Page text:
Inferior Department: Government Art Abuse Exposed!
By Steven Goss

Apache basket / planter

Whenever the government seeks funding for the arts, everybody feels their opinion on the subject is needed. It doesn't matter if they're a politician, priest or candlestick maker, they'll dig out their two cents. And, after the funds are doled out, they'll forget all about it. They didn't want to look at the art anyway. But what if someone did? Did you ever think about what happens to the art after it's completed? We did. And what we found out may shock you!

It's not surprising that most pieces end up in government buildings or offices. What is surprising is after they're installed, they're treated like Happy Meal swag. Office employees use the artworks to decorate their cubicles, offices, or in some cases, their homes. Consider the blatant misuse of some art the Interior Department uncovered in their own building in 1990. James R. Richards, the inspector general of the interior department at the time, reported 357 pieces from their collection had gone missing or been used inappropriately. When works weren't taken outright they were used as flarephenalia. Department employees made trash cans and planters out of fragile Apache baskets and used rare Navaho rugs as doormats, making Jesse Helm's abuse of funded art seem tame in comparison.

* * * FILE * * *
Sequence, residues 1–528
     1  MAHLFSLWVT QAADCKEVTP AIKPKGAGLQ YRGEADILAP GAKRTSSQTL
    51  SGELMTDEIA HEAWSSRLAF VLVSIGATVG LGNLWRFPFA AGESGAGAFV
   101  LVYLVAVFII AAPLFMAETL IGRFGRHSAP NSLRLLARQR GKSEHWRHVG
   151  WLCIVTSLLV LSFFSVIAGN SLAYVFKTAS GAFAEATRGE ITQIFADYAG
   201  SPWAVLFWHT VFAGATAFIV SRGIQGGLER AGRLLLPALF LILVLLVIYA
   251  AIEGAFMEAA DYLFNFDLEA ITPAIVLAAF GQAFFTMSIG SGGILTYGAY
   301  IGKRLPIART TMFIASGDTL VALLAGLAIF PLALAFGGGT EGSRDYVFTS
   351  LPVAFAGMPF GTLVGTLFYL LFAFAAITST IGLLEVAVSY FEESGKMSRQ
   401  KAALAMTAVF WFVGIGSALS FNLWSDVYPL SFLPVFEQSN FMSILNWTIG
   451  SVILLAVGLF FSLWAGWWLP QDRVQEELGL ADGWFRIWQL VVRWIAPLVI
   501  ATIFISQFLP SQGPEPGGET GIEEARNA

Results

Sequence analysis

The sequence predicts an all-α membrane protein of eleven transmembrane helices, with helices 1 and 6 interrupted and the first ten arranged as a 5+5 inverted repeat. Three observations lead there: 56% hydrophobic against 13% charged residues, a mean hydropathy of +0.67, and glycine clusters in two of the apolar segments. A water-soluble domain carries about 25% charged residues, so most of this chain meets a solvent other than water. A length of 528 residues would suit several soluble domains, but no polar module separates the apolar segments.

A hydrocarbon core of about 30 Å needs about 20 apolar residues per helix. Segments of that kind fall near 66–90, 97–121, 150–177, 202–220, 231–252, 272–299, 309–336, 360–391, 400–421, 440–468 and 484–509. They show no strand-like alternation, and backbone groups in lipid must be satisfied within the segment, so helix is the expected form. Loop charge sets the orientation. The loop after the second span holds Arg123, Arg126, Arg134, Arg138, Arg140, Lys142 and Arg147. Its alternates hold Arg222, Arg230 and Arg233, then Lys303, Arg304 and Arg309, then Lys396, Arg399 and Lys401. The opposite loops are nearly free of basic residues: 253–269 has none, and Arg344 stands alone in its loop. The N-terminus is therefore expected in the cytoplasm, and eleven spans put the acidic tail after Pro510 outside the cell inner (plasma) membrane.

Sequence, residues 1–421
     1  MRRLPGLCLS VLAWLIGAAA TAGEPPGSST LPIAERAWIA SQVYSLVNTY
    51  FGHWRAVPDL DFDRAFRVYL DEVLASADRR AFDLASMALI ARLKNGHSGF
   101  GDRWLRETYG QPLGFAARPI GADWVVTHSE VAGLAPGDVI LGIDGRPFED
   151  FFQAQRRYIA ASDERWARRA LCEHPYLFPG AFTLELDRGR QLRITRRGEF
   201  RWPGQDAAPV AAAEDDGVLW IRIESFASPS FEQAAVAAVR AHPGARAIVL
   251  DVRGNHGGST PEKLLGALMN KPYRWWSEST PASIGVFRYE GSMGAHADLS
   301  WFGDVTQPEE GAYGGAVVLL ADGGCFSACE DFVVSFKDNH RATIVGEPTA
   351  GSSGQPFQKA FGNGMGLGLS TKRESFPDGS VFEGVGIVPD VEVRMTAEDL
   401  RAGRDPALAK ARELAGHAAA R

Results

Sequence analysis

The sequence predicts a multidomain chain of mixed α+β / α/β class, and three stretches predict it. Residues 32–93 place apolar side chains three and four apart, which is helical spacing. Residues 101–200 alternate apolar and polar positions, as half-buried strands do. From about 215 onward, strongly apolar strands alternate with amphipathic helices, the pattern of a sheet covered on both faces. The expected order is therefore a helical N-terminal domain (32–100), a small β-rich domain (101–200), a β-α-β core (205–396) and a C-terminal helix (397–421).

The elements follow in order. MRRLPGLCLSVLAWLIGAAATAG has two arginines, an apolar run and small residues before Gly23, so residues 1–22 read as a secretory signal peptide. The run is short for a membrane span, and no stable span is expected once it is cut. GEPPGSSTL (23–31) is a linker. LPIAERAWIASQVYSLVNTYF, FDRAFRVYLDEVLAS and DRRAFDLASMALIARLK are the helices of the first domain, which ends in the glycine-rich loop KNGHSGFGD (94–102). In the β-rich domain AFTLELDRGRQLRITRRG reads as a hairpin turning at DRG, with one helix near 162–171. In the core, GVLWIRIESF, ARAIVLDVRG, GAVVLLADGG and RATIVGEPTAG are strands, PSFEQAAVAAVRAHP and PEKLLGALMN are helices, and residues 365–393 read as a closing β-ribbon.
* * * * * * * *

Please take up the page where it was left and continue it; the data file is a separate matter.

So are your tax dollars still being used to create costly office supplies? Shockingly, the answer is yes! During our intense undercover investigation on this subject, ARTless obtained several videotapes from security cameras located inside the Interior Department building. The images from these tapes prove that little has changed since Richard's first report of misuse.

 
 
     
 
     
 
ARTIST: Jeff Koons
ARTWORK: Two-Ball Total Equilibrium Tank
ABUSE: Sculpture found in Interior Department conference room emptied out and being used to hold loose pennies.
  ARTIST: Elizabeth Murray
ARTWORK: Can You Hear Me?
ABUSE: Painting found in unidentified Interior Department employee's office being used as a letter opener.
     
 
ARTIST: Peter Campus
ARTWORK: Three Transitions
ABUSE: Video found in Interior Department cubicle space being used by unidentified employee to tape Full House repeats.
  ARTIST: Sol LeWitt
ARTWORK: Five Towers
ABUSE: Sculpture found in Interior Department storage area being used as a storage rack for Interior Department Foghat record collection.
     
 
     


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